Most seriously damaged during World War II was the southern end of Alpha Grove, which was almost completely destroyed. The most serious bombing during the first night of the Blitz (7th September 1940) was described thus by the London Fire Brigade:
Explosive Bombs, on or close to Maria Street
– 24 Maria Street, 8 Houses, 6 rooms each, severely damaged
– 52 Malabar Street, Remaining houses are also damaged.
These bombs caused great destruction in the area loosely marked by Maria Street, Alpha Grove, Janet Street and Cheval Street, most of which was taken up by Millwall Central School and a smaller, special school with the name Janet Street (Mentally Defective) Council School.
Emergency housing in the form of Nissen huts was provided, and – more durable, but still intended as temporary homes – Orlit houses were built at the end of the street (which now extended to Glengall Grove aka Tiller Road). Millwall Central School, not more than 15 years after its opening, was gone. St. Hubert’s House seemed to have had a charmed life – almost everything around it destroyed, and yet it was remarkably unscathed.
After the war, the LCC embarked on a ‘permanent housing programme’ which meant the sweeping away of whole neighbourhoods. Even if the war damage was not too bad, the strategy was one of modernisation and renewal, not of repair. The aim was to redevelop districts and not just houses. Consequently, from the 1950s and well into the 1970s, large housing estates were built throughout the Isle of Dogs, and one of the largest was the Barkantine Estate, which would take in the whole of Alpha Grove.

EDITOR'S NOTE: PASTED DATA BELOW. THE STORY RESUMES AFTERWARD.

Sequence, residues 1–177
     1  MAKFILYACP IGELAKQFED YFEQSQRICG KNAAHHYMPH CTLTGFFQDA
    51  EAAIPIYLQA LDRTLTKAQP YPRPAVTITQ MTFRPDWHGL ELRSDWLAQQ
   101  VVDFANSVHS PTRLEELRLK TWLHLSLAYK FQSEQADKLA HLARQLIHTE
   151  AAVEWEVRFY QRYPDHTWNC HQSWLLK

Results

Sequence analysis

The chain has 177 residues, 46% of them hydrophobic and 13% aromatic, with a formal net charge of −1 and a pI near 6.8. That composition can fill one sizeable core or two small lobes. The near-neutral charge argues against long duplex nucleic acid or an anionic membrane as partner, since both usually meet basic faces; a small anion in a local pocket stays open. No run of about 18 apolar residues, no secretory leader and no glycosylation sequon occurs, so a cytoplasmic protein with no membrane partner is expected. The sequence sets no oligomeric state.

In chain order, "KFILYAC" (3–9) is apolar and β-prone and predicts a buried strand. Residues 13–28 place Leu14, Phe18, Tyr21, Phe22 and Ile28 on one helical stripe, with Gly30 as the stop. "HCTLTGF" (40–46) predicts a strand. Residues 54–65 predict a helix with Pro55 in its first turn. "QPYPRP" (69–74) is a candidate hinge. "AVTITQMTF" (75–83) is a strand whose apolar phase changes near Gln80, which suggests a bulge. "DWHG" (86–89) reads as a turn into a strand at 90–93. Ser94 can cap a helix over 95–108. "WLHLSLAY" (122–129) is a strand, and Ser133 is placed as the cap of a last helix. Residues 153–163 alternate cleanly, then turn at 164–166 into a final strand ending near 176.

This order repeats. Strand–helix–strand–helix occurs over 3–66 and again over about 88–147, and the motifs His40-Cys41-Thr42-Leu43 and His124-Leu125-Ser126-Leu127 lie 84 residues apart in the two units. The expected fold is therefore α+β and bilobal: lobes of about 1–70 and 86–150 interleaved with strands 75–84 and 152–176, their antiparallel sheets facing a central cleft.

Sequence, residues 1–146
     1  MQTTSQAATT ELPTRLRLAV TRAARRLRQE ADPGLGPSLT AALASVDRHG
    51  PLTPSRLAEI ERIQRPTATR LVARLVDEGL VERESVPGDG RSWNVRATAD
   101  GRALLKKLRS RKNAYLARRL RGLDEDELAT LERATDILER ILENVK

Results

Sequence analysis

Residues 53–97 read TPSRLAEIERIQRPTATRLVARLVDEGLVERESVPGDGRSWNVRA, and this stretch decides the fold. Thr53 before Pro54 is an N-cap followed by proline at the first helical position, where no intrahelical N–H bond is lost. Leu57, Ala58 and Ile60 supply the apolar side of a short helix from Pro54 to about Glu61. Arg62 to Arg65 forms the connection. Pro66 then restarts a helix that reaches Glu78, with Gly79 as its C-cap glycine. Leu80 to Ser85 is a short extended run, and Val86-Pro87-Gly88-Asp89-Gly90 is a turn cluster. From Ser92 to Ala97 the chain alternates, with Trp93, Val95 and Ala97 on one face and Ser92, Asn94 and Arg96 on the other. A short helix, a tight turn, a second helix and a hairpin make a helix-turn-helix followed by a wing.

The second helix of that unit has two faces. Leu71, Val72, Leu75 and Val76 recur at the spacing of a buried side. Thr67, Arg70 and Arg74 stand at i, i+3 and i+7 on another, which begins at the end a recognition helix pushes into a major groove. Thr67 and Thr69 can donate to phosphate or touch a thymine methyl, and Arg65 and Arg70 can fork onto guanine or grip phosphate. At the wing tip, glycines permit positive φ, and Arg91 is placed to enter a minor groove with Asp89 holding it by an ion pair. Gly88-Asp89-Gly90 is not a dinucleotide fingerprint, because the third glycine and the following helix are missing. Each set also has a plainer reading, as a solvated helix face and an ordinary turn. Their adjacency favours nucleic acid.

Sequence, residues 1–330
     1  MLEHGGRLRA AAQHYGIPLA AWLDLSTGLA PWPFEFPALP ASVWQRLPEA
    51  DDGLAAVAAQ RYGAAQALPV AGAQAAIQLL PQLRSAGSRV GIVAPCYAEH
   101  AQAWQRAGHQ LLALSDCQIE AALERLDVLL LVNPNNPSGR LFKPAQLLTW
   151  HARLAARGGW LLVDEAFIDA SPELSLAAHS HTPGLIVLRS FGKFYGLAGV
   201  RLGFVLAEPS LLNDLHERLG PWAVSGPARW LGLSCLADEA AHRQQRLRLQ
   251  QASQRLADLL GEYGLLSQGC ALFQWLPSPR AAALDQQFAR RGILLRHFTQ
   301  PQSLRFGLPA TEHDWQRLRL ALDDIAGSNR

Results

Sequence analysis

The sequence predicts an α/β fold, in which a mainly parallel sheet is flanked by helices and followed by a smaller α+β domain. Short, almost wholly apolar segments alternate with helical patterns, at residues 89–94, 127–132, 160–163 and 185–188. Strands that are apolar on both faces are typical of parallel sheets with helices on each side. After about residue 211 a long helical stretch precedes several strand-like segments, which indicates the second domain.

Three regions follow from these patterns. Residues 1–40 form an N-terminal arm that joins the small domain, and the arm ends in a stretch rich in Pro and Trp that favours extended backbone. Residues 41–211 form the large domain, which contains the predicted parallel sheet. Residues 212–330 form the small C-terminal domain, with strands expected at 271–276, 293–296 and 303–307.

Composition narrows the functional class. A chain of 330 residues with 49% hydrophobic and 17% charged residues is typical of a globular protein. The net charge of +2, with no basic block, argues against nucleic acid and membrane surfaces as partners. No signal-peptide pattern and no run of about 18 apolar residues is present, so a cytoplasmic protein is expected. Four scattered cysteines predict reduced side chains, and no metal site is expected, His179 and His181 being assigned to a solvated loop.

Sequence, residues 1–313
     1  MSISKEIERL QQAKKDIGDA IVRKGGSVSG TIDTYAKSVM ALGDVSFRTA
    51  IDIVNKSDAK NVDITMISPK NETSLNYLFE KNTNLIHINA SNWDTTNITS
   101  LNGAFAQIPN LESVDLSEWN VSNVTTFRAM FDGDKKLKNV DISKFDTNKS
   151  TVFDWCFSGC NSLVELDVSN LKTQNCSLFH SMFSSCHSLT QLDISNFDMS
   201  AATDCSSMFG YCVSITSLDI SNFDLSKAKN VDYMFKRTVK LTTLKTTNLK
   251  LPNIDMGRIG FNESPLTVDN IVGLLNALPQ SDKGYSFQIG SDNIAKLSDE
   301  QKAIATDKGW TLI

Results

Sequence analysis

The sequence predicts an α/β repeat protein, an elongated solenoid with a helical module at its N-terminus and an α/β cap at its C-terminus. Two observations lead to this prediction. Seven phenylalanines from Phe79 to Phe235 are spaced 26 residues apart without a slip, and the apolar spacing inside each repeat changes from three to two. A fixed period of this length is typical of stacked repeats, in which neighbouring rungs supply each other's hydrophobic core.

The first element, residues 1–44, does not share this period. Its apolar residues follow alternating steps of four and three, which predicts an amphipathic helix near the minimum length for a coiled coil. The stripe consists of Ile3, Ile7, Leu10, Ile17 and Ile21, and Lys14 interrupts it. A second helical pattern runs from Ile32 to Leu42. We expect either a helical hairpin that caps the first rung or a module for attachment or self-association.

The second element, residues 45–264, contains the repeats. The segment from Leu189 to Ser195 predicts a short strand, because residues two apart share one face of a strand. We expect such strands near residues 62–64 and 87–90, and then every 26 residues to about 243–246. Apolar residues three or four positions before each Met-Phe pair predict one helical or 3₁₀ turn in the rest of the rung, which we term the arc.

The days of the last-remaining old houses in Alpha Grove were numbered.
The few remaining old houses were thus demolished, and new flats built. The first were built in the 1950s, at the southern end of Alpha Grove:
The rest of the Barkantine Estate planned for construction at the end of the 1960s showed just the slightest nod to the street patterns that had existed in the decades before:
Development of the estate meant that Alpha Grove became even shorter, terminating at Strafford Street.
In the 1980s, the southern end of Alpha Grove featured in the TV series, Prospects…..
On 9th February 1996, the IRA detonated a huge truck bomb beside South Quay DLR station. In addition to the loss of life and destruction directly next to the bomb, flats along the north east side of Alpha Grove were also seriously damaged.
The flats were eventually demolished, and lower density homes built in their place.
In 1997, Tate & Lyle were still going strong…
Well, the firm was still going strong, but for the Millwall works it was a different story. Not long after 1997 the works closed and were demolished.
The so-called ‘temporary’ St. Luke’s Church was eventually demolished in 2014.
The good news is – a new St. Luke’s Church has just been opened on the spot. It is unusual – and comforting – for a new building to be built on the Island which has cultural and social connections with the past. We’re still in touch, just, with those who walked over Alpha Grove before us.